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If the ruling stands, it could have major environmental consequences, giving groups a precedent for fighting other plans that open large swaths of public lands to fossil fuel development.

“William Perry Pendley is not an appropriate choice to lead, work in, or advise any public land management agency due to his record prior to his employment at the Bureau of Land Management, and his continuing work there,” the bill states.

Pendley, a controversial figure due in part to his history of opposing federal ownership of the lands he now manages, served at the department through a series of temporary orders, remaining in the job even after his nomination was withdrawn.

He now serves in a deputy director role, but in recent interviews he has given conflicting responses to the court decision, saying both that he would respect the ruling and that it had "no impact, no impact whatsoever” on his role within the department.

BLM has not had a Senate-approved director for the entirety of the Trump administration.

The legislation would bar the Department of Justice from appealing the case, which was brought by Montana Gov. Steve BullockSteve BullockOVERNIGHT ENERGY: Down ballot races carry environmental implications | US officially exits Paris climate accord  GOP Rep. Greg Gianforte wins Montana governor's race Senate control in flux as counting goes forward in key states MORE (D). 

Though an unusual strategy, it has been used in the past. Democrats offered similar legislation earlier this month that would have barred  the Justice Department from seeking to invalidate the Affordable Care Act. Six Republicans, most in vulnerable reelection races, crossed party lines to vote to advance the bill, though it failed to get the 60 votes necessary.

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Tester’s team said it would push to bring the bill to the floor during the lame-duck session after the election.

Interior said the bill would not withstand legal scrutiny.

“Instead of pushing this patently unconstitutional bill, the Senator’s time would be better spent working with President TrumpDonald John TrumpBiden to nominate Linda Thomas-Greenfield for UN ambassador: reports Scranton dedicates 'Joe Biden Way' to honor president-elect Kasich: Republicans 'either in complete lockstep' or 'afraid' of Trump MORE on a COVID relief package for the betterment of Montanans and the rest of the country,” the department said in a statement to The Hill.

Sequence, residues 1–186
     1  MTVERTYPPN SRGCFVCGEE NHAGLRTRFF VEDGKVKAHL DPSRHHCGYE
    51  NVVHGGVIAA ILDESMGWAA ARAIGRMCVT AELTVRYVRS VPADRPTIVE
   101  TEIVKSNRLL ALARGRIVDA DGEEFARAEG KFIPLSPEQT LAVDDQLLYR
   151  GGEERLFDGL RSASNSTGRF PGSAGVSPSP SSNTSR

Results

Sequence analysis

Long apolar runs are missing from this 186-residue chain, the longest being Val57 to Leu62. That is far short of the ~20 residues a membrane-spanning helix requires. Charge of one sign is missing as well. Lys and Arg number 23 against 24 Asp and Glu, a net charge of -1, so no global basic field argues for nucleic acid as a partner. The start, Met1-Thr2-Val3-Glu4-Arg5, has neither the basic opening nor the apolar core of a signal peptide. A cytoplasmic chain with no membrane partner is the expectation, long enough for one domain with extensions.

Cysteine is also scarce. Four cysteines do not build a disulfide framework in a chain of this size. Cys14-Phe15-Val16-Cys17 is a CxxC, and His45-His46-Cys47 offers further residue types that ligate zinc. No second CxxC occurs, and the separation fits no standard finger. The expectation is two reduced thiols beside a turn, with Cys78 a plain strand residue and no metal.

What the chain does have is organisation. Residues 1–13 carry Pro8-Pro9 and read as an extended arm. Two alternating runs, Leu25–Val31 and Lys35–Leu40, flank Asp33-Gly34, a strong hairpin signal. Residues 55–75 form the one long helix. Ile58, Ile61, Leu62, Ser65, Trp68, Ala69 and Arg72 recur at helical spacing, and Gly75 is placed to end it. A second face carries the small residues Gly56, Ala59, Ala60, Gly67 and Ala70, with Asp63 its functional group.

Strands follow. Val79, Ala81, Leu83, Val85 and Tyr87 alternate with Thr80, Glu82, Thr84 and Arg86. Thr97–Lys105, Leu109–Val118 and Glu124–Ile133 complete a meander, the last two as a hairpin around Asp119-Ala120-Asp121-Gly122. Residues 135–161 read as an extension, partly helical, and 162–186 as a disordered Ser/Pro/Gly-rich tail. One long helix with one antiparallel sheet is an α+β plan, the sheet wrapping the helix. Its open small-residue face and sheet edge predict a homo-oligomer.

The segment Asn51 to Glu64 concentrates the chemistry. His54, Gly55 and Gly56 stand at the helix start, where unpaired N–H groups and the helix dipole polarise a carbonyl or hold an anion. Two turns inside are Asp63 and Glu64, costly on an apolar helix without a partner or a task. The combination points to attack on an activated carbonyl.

Read more about the legislation here.

 

LET’S GET ETHICAL: A former top Interior Department political appointee violated his ethics pledge by taking a meeting with an organization he previously volunteered for, according to a new report from the department’s watchdog.

The report does not identify the official by name, but sources told The Hill the employee in question is Todd Wynn, the former head of Interior’s Office of Intergovernmental and External Affairs.

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The report from Interior’s Office of Inspector General (OIG) found Wynn violated the Trump ethics pledge, which requires political appointees to recuse themselves from matters involving their former employers or clients for their first two years on the job.

Wynn, now a lobbyist for a major Arizona utility, took a meeting with Rich Lindsey, an energy committee policy consultant from the Council of State Governments.

Wynn previously was on the board of trustees for the Council of State Governments 21st Century Foundation, according to a 2019 request for investigation filed by the Campaign Legal Center. OIG determined the position qualified as a former client under the ethics pledge.

“We identified a number of interactions between the senior political employee and representatives of the former employer—namely, three phone calls and multiple email exchanges [and] one in-person meeting,” OIG wrote, and though “relatively minor in nature, we found that the senior political employee nonetheless did not comply with the ethics pledge.”

The report details that Wynn was not aware his association with the foundation would qualify as employment and bar him from meeting with Lindsey.

“The senior political employee said he understood from that training that he could not communicate with the employer he worked for prior to his volunteer work for the organization. He said, however, that he never considered the organization to be a former employer because he was a volunteer and his position was unpaid,” the report states.

The report also describes an account from Wynn where he sought advice from then director of the ethics office Scott de la Vega while passing in the hallway who told him, “You don’t have a problem.” 

In Interior’s response to the report, the department wrote that “upon receiving accurate and comprehensive ethics guidance, there were no violations” beyond those identified in the report.

Read more about the report here.

 

OUTSIDE THE BELTWAY:

Controversial mining to proceed near Georgia swamp without federal permit, we report

As wildfires explode in the West, Forest Service can’t afford prevention efforts, The Los Angeles Times reports

Less carbon, more electric vehicles: automakers prepare for potential Biden win, Reuters reports

Polluted air killing half a million babies a year across globe, The Guardian

 

ICYMI: Stories from Wednesday… 

Environmental groups sue DHS over use of tear gas at Portland protests

Green groups sue over study of Deepwater Horizon impacts on endangered species

Democrats seek to block appeal of court ruling ousting Pendley, BLM land plans

Barrett punts on climate, oil industry recusals in written responses

Controversial mining to proceed near Georgia swamp without federal permit

Ex-EPA official who spoke about Pruitt scandals claims retaliation in new lawsuit

Ex-Interior official violated Trump ethics pledge by meeting with former associates: watchdog